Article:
Ukrainian former tennis player Alexandr Dolgopolov says tennis authorities are being “too passive” and should ban players from Russia while there is war in Ukraine.
The 33-year-old told BBC Sport the decision to allow Russian players, such as men’s world number one Daniil Medvedev, to continue playing as neutrals and removing their flag “is not changing anything”.
“Letting them play just by saying a few words that they are against war, I don’t believe this is enough,” he said.
Former world number 13 Dolgopolov has returned to Kyiv to join Ukraine’s territorial defence unit and has had recent military training to learn how to use weapons.
While he was speaking to BBC Sport the air raid sirens in the city were sounded, and he said it was “tough” to see “terrible things” happening in his country.
Russia and Belarus have been suspended from international tennis team competitions following Russia’s invasion of Ukraine.
But the International Tennis Federation (ITF) and both the ATP and WTA tours have allowed players from both countries to continue competing as neutral individuals “at this time”.
Medvedev has said he wants peace in the world, and his compatriot Andrey Rublev, the world number seven, signed a camera lens with a “no war please” message at a recent tournament in Dubai.
But Dolgopolov said he was disappointed by the stance being taken by tennis authorities.
“I know all those guys personally. I even played Daniil when I was playing. They are nice guys but no offence to them – I believe Russia should be blocked from any participant in any sport, in any culture,” he said.
“I think every Russian is responsible for their government and their president.
“Just being neutral, taking away their flag, we know that is not changing anything. And even the sanctions that are happening now, even the destroyed economics it is not enough for [Russian President Vladimir Putin] to stop.”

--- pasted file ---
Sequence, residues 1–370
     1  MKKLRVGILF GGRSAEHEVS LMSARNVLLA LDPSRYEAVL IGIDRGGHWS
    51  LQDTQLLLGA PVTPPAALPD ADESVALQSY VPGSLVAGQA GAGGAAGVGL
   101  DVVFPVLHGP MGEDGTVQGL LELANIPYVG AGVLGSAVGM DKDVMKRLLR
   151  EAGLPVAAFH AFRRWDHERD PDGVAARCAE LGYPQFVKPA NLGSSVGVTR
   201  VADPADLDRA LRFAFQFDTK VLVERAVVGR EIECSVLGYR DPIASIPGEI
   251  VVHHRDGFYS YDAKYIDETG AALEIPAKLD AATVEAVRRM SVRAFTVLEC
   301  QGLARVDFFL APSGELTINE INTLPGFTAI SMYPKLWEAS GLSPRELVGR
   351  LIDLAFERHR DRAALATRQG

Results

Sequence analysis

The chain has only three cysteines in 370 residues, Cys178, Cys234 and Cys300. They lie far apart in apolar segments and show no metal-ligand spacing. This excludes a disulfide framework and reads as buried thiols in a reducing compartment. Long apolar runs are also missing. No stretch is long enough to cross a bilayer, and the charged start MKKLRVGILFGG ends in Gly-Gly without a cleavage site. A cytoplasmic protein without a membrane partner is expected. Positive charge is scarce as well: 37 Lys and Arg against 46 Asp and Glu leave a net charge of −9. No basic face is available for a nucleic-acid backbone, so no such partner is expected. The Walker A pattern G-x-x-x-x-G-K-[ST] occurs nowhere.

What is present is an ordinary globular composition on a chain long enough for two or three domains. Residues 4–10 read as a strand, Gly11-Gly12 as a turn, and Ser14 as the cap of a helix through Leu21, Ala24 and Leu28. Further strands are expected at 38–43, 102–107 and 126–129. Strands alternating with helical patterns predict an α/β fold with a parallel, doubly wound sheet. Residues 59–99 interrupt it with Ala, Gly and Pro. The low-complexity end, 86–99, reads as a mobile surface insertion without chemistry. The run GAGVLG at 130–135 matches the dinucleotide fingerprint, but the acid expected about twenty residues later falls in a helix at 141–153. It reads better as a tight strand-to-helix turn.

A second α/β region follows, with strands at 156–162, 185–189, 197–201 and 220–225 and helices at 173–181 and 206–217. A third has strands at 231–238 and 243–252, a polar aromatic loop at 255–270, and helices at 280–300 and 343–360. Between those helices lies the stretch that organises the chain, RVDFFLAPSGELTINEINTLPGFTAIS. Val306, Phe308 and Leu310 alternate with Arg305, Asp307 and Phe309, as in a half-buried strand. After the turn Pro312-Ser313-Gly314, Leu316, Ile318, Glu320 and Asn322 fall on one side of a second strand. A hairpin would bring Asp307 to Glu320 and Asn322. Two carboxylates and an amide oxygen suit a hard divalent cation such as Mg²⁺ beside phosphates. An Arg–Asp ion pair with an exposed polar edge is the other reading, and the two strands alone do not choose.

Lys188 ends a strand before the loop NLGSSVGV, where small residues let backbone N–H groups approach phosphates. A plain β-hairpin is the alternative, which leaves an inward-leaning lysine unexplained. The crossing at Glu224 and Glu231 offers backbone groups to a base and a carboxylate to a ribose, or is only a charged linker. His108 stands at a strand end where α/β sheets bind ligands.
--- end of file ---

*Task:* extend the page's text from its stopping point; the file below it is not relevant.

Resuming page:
Dolgopolov said he has told an ATP representative that tennis should go further.
“I already said this to them that I think tennis is being too passive,” he said.
“I think it is not enough to say ‘we are against war’. We hear ‘we’re against war’ everywhere, in Miss Universe, in the Oscars. Yeah, that’s great, but they don’t ask the children or the women here any questions.”
Dolgopolov said it was “inspiring” to see a number of Ukrainian sportspeople, including fellow tennis player Sergiy Stakhovsky, signing up to fight.
To prepare himself for his return to Ukraine, Dolgopolov had several days of military training from an ex-soldier.
“Going to a place like this you would like to understand how a gun works,” he said.
“So it doesn’t mean that I will need it – I don’t know if I do. It means that I can defend myself. And if I appear in some battle I will shoot and I will hit the point.”
Explaining what his overriding emotion was at this time, Dolgopolov said: “Anger. My girlfriend was trying to leave with her child, that was maybe 10 days ago. Their car got shot with some Kalashnikovs or something. They are OK but three cars in front of them were destroyed.
“They are killing civilians, whole families, she told me that one of her friends’ family got killed with children, with women. So we just feel anger.”